When the outlines of the hills are hard to make out through the autumn mists, and the cold grows increasingly bitter, men and their dogs take under cover of darkness to the crags and slopes, ravines and gorges of the Langhe and Roero.
This is the hunt for the White Truffle of Alba, when the trifolau set out between September and October on what is almost a pilgrimage, unleashing their dogs along routes jealously guarded in their memories taking in poplar, linden, oak and willow trees. An enthralling contest that will be the subject of stories in the local inns and markets throughout the winter months.
And so it has always been in the world of the truffle, with its atmospheres and legends that feed the imagination, making this one of the most characteristic features of the local culture.
Alba’s white truffle also makes an important contribution to the local economy though, and has long had a significant bearing on the incomes of many families in the countryside.
So much so that in 1741 it was called a "fruit provided by Divine Providence".
Then again, combined with the farsighted intuition of celebrated “pioneers” of the trade in truffles and the local entrepreneurial skills, the unique, universally recognized qualities of the Tuber Magnatum Pico have made Alba the undisputed world capital of the truffle, and a mecca for foodies the world over.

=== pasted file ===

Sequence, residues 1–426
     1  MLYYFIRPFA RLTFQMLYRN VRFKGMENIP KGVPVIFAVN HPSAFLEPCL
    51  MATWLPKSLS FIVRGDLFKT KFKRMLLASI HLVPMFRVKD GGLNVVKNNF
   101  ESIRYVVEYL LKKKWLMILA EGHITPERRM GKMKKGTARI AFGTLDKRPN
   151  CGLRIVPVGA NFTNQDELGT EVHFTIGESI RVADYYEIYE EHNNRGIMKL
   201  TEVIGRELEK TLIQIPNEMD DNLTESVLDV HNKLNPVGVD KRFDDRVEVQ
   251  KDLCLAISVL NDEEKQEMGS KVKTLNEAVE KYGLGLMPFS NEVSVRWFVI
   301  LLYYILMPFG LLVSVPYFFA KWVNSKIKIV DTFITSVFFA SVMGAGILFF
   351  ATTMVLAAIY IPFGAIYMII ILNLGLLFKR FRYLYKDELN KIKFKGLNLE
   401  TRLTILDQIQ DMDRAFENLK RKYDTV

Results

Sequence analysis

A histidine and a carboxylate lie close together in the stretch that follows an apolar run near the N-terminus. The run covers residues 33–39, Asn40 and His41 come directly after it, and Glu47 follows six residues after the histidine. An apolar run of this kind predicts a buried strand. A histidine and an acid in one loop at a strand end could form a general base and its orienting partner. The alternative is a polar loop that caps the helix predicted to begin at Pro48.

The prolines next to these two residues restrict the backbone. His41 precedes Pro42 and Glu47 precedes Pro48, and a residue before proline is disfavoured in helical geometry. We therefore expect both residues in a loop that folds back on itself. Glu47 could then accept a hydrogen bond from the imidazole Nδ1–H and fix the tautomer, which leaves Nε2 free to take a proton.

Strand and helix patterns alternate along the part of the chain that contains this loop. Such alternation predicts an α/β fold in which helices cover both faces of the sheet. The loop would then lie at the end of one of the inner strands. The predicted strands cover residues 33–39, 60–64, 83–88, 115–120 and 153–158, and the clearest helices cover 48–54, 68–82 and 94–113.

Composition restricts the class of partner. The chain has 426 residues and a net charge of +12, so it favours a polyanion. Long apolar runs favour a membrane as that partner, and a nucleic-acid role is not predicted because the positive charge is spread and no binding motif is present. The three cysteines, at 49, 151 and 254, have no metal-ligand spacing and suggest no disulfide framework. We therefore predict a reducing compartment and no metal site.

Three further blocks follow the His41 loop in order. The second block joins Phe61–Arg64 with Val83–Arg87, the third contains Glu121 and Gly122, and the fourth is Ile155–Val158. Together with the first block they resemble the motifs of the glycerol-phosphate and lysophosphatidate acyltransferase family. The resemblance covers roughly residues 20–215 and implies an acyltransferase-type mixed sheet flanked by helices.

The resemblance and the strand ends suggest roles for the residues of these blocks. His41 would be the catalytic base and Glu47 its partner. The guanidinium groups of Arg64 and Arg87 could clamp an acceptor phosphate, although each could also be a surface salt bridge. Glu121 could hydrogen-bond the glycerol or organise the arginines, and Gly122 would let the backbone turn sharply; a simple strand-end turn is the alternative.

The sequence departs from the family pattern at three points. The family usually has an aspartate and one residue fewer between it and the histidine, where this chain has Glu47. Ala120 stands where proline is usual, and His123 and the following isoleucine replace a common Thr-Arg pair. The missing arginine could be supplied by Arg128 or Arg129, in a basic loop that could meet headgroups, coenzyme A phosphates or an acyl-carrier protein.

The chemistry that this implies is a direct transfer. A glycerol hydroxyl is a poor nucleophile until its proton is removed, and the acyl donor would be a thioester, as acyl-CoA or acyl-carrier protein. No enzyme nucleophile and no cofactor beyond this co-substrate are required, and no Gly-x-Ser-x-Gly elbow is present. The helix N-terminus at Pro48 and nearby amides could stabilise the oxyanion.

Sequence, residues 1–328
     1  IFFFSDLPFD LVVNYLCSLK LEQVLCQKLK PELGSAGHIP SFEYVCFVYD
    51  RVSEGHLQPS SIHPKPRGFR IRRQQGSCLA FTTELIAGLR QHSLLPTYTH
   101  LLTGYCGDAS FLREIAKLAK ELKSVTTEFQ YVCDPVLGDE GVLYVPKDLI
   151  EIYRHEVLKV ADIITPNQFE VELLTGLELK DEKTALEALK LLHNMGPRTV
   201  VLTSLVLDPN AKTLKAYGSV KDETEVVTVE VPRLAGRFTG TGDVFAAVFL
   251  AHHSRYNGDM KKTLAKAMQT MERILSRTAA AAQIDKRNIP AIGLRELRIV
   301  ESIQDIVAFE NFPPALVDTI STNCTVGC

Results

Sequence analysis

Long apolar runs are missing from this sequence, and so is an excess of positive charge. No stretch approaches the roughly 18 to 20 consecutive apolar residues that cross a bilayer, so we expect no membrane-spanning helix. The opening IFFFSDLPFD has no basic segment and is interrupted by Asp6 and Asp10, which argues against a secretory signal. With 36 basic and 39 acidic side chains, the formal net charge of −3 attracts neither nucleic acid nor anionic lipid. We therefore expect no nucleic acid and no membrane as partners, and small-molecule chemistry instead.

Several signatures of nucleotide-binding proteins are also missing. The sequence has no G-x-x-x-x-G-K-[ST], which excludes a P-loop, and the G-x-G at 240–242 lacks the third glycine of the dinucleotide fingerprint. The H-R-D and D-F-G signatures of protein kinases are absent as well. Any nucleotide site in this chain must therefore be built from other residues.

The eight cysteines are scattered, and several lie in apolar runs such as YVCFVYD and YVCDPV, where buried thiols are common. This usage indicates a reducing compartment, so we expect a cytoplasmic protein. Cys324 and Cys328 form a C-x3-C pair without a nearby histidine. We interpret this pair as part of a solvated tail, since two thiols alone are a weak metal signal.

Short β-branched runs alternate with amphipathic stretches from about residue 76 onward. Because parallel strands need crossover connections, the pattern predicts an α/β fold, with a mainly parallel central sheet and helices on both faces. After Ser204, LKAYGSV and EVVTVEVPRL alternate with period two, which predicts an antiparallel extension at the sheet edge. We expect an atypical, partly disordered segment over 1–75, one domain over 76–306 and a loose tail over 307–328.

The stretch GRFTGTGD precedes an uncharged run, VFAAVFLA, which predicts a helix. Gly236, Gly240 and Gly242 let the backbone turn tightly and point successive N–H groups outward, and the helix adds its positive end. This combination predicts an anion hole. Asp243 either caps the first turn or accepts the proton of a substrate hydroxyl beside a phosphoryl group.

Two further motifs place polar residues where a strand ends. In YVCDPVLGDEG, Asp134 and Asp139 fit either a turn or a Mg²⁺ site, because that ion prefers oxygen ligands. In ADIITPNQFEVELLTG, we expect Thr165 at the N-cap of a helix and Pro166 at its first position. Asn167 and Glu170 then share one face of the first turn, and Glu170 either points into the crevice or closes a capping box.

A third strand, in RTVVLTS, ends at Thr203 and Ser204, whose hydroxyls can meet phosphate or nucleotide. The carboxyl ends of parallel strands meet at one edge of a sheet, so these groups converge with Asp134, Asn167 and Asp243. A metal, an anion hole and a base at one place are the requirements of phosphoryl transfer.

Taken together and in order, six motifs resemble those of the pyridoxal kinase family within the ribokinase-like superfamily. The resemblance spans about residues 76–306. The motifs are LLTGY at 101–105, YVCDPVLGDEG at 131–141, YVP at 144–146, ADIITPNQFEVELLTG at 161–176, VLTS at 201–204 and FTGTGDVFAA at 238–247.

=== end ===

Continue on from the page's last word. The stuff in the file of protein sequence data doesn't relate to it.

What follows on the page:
Which has clearly had a very positive effect on the profile of the area and its products.
So all-in-all, the truffle represents the most appealing and exclusive means for promoting the image of Alba and its surrounding area. A tried-and-tested vehicle used by a wide variety of businesses to put wineries, craft enterprises or industrial undertakings on the map without fear of being upstaged.
And as such the truffle should be supported in the economic battles that are increasingly fought in the field of image and ideas.